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Helping Business Weather the Storm

Gauge Correction of Radar-Derived Precipitation Accumulations

by Phillip Spencer, on Nov 19, 2018 1:43:12 PM

Weather radar data is useful to both the professional meteorologist and the interested nonprofessional for—among other things— tracking dangerous thunderstorms (containing, for example, deadly lightning, damaging hail, and tornadoes), locating significant wind shifts and surface boundaries (e.g., drylines and fronts), and even tracking bats flying out of their caves and from under bridges looking for their next meal. The topic of this blog is to discuss how weather radar can be used to estimate precipitation accumulations. Along the way, we will mention some problems with these estimates and describe how the impact of those problems can be mitigated.

A weather radar sends out pulses of electromagnetic radiation into the atmosphere. If the energy encounters a foreign object such as raindrops, hail, insects, bats, etc., a small portion of that energy is reflected to the radar and is detected by a receiver. In general, the higher the number of foreign objects in the air, the higher the amount of energy that will make its way back to the radar receiver. For example, heavy rainfall will reflect more energy to the radar receiver than light rainfall. So, the amount of energy received by the radar receiver (i.e., the reflectivity) can be used as a proxy for the rainfall intensity (i.e., the rainfall rate). It turns out that there are empirical relationships that meteorologists use to relate the reflectivity to the rainfall rate. For example, relationships of the form Z = bRc can be used to estimate the rainfall rate (R) given the reflectivity (Z). Here, b and c are empirical constants for this Z-R relationship. Different combinations of b and c are used depending on the environment. For example, accurate rainfall rate estimates from a moist, tropical environment might require a different pair of constants than estimates from a dry, continental environment. If the rainfall rates (from the Z-R relationship) are summed over a period of time, then we may obtain estimates of accumulated precipitation at each point in the radar domain.

Although the radar-derived accumulated precipitation values generally provide a pretty good ballpark estimate of the actual accumulated precipitation, the estimates are not perfect. There are several reasons for this. First, no Z-R relationship perfectly describes the relationship between reflectivity and rainfall rate—it’s an empirical relationship with empirical constants. Second, attenuation of the radar energy from intervening storms may distort the precipitation estimates from distant storms. Third, different shapes and sizes of hydrometeors reflect energy differently. For example, hail within a storm can cause an overestimation of the rainfall rates (and, therefore, an overestimation of the precipitation accumulation). Fourth, the presence of non-hydrometeors (e.g., dust, insects, birds) can provide false, non-zero estimates of rainfall. Although not all-inclusive, these are a few of the reasons for errors in the radar-derived estimates of precipitation accumulation.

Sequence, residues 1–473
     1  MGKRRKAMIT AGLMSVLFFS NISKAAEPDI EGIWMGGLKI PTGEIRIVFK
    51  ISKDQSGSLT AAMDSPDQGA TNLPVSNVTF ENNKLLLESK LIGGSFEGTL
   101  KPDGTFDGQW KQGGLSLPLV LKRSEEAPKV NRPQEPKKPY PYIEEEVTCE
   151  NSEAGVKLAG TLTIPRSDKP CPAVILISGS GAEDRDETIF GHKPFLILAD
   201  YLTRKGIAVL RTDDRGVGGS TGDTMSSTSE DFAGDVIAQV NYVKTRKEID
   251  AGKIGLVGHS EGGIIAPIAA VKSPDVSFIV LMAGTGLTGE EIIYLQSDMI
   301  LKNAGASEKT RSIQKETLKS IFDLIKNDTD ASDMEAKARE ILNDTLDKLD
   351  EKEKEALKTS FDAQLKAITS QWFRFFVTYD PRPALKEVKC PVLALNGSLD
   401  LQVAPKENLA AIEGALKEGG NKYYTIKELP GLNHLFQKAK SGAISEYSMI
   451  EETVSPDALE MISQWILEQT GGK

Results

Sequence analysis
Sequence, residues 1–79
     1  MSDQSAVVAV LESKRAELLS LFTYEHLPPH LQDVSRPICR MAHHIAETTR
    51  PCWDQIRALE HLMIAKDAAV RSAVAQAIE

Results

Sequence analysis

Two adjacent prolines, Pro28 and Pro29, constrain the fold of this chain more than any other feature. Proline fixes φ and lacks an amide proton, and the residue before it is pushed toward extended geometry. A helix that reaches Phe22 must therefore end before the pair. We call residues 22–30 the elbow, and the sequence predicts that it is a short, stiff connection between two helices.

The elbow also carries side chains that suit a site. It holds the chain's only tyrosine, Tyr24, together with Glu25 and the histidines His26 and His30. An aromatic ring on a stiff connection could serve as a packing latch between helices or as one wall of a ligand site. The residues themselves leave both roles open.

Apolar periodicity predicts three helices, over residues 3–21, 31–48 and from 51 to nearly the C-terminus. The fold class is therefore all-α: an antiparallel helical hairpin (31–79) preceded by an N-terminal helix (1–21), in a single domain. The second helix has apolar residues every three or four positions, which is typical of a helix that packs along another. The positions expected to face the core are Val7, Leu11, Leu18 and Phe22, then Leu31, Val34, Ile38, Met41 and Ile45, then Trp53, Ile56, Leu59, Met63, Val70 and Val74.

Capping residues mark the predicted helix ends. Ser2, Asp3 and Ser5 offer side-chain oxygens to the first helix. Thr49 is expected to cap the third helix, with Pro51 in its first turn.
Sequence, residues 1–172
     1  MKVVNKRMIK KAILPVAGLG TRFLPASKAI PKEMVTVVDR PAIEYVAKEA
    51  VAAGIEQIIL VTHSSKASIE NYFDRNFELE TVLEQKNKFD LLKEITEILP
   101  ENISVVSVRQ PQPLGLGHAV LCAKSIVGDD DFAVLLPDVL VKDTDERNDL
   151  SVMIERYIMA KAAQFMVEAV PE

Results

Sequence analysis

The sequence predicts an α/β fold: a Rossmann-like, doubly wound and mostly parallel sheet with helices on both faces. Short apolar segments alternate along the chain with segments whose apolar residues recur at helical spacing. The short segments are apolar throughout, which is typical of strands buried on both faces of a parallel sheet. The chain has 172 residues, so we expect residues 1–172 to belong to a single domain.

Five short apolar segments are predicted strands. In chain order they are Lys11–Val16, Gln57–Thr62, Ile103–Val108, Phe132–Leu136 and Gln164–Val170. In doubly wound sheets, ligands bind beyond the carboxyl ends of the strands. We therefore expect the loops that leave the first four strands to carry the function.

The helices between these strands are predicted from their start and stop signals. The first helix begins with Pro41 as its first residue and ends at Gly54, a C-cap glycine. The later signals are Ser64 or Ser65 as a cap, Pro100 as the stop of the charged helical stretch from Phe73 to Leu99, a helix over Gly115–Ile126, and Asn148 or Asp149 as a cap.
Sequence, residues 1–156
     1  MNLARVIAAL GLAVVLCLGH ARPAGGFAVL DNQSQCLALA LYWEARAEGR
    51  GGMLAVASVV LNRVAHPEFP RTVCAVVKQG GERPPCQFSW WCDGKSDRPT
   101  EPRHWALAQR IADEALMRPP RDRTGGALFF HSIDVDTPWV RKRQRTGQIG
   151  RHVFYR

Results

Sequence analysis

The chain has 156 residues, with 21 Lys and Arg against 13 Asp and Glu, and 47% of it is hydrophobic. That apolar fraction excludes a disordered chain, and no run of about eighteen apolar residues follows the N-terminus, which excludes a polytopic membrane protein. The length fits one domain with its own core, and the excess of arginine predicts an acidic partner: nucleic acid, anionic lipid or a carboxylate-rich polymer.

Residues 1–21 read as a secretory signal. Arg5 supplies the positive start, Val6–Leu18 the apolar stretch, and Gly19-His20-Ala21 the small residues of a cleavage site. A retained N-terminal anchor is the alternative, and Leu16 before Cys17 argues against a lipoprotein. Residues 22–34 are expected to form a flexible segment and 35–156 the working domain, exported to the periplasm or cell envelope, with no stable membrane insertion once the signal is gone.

Although there are a multitude of reasons for errors in radar-derived precipitation estimates, we can reverse the impact of those errors by adjusting the radar-derived estimates via the use of actual rain gauge observations. This gauge-correction technique allows us to produce better precipitation accumulation estimates across the radar domain than could be obtained from merely summing the results of the application of a Z-R relationship. For example, consider the three figures below, which show precipitation accumulation estimates during a one-hour period as the remnants of hurricane Michael traversed the southeastern United States during 11 October 2018. The first figure shows the raw, radar-derived precipitation accumulations (mm). The boxed value (31 mm) is the radar-derived accumulation estimate at that point. For the sake of demonstrating how the gauge-correction technique works, let’s assume that there’s an actual gauge observation of 20 mm at the location where the radar-derived estimate is 31 mm (see the second figure). The gauge-correction technique aims to adjust the radar-derived estimation to be consistent with the observed value. Similarly, let’s now assume that the actual gauge observation of one-hour precipitation accumulation is 40 mm rather than 20 mm. In this case, the gauge-correction technique accurately adjusts the accumulation estimates upward (see the third figure).

Gauge Correction- Figure 1

Gauge Correction- Figure 2

Gauge Correction- Figure 3

There are a couple of things to note about the gauge-correction technique. First, the adjustments are made not just at the locations of the gauge observations—adjustments are made at all locations “near” the gauge observations; that is, information about the differences between the radar-derived estimates and the observed accumulations is spread spatially so that a smooth analysis of precipitation accumulation is produced. On a related note, radar-derived estimates “far away” from any gauge observation do not get adjusted, since it is unclear how the radar-derived estimate should be modified (if at all).

The simple examples above illustrate the gauge-correction technique using a single, hypothetical gauge observation. In reality, WDT has access to 20,000+ real-time, quality-controlled gauge observations across the contiguous United States and adjacent parts of Canada and Mexico from our partner MetStat, Inc. Other gauge networks could be used to gauge-correct precipitation accumulations across different parts of the globe.